Growing up in a Pennsylvania town without a movie theatre, I watched the Oscars for the same reasons that urbanites go to African Lion Safari: I wanted to observe the gazelles hanging out together in their native habitat, to witness their rare off-guard moments. I liked hearing some film history; I hoped that someone would cry, sneer or laugh in a way that felt unscripted, sincere. The best bits of Sunday's show were those moments, tiny glimpses of the Hollywood community asserting itself as a community.

The way best supporting actor winner Christoph Waltz, for example, thanked the town for welcoming him into the fold. The way Tina Fey and Robert Downey Jr. wrung one more laugh out of the old writers-versus-actors routine. The way that Steve Martin and Alec Baldwin in their opening bit, the classic "Who else is in the house tonight?" shtick, pointed out their buddies, and then poked tiny holes in their egos with jokes that were funny precisely because they and you and I all knew where they were going: George is a hunk, Meryl's a peach, Botox is a business expense, etc.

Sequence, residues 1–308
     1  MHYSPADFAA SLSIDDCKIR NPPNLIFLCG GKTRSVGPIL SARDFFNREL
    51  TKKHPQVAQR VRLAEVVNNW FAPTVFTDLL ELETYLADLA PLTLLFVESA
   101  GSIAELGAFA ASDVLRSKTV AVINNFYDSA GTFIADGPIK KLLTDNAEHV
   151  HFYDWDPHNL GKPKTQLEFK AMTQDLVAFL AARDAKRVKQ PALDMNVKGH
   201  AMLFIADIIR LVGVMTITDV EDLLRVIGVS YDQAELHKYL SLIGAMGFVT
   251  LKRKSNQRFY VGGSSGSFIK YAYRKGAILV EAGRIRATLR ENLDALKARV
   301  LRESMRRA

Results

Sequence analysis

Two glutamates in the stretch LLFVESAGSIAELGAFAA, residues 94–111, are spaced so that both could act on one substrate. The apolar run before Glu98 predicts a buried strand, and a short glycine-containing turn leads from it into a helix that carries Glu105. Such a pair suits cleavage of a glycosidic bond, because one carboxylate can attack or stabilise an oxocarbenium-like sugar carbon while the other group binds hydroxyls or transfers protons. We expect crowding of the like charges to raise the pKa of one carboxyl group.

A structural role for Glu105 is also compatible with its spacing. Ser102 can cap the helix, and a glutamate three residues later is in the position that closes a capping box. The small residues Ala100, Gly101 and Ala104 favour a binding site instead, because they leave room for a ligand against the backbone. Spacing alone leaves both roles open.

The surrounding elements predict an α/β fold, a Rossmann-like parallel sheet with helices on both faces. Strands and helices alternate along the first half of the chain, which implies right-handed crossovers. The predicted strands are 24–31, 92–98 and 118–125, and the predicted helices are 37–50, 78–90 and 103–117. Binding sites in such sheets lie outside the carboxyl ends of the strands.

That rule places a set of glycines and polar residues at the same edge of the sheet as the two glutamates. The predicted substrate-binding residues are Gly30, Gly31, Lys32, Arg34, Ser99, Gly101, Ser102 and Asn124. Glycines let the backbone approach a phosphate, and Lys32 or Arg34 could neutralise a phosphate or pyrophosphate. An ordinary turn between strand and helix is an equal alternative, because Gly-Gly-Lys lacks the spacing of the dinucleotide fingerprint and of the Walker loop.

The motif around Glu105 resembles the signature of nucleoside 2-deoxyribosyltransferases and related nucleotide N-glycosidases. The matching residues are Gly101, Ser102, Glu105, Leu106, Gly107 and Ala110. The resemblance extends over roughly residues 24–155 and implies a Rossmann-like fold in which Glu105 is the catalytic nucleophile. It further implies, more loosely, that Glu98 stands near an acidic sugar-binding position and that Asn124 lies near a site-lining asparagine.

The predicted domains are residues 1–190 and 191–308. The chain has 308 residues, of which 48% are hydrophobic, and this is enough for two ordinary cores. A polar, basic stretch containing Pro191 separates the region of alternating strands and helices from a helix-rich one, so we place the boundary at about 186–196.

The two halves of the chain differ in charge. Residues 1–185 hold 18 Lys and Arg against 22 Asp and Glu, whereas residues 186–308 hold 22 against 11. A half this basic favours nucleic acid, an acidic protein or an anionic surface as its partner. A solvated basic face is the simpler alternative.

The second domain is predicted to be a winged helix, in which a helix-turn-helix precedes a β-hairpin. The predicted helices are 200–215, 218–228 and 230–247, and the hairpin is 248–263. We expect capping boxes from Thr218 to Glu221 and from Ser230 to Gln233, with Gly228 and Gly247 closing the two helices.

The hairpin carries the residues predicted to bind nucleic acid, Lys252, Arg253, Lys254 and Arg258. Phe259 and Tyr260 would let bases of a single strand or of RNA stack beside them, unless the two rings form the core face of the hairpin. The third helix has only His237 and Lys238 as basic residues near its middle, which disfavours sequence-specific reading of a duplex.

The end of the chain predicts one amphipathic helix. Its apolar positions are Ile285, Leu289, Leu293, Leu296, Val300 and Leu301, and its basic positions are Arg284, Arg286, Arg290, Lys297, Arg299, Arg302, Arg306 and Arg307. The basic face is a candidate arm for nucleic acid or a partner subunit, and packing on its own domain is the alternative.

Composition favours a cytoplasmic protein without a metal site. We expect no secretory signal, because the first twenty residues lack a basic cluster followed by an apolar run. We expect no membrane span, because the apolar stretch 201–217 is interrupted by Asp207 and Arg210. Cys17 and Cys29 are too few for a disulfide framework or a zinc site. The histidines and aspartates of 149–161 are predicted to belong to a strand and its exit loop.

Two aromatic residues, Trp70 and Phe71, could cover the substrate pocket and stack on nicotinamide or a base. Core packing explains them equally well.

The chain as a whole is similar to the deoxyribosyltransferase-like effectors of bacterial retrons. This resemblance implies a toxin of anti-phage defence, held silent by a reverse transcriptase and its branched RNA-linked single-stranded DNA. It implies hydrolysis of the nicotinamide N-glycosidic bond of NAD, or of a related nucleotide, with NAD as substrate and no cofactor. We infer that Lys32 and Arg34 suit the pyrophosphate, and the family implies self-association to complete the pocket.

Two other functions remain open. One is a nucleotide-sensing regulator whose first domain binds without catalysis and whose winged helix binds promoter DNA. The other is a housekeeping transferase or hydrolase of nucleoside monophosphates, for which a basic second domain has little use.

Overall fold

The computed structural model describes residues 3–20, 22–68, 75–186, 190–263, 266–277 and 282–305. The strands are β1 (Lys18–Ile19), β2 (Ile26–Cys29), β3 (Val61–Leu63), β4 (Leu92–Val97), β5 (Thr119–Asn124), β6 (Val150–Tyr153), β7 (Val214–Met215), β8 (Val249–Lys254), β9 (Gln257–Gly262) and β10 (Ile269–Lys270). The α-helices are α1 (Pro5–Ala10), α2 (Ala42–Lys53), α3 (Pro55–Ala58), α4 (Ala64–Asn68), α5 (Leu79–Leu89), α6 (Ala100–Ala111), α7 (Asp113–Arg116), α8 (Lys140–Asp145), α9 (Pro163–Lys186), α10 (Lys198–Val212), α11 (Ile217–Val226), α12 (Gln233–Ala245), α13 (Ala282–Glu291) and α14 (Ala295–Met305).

I liked seeing the best actor and actress nominees introduced by their co-workers, hearing the little tales they told: how Colin Farrell and Jeremy Renner got drunk, how Morgan Freeman ordered Tim Robbins to bring him a cup of coffee, how Jeff Bridges had the makeup artist on The Fabulous Baker Boys paint onto his face all the broken capillaries she'd just erased from Michelle Pfeiffer's. I loved seeing how at ease Bridges was with being lauded that way - that eye-lock he and Pfeiffer had going was hot - versus how furiously uncomfortable the self-restrained Brits were with it. (I don't know who wanted to wither and die more, best actress nominee Helen Mirren, or Michael Sheen, her co-star in The Queen, who was praising her.)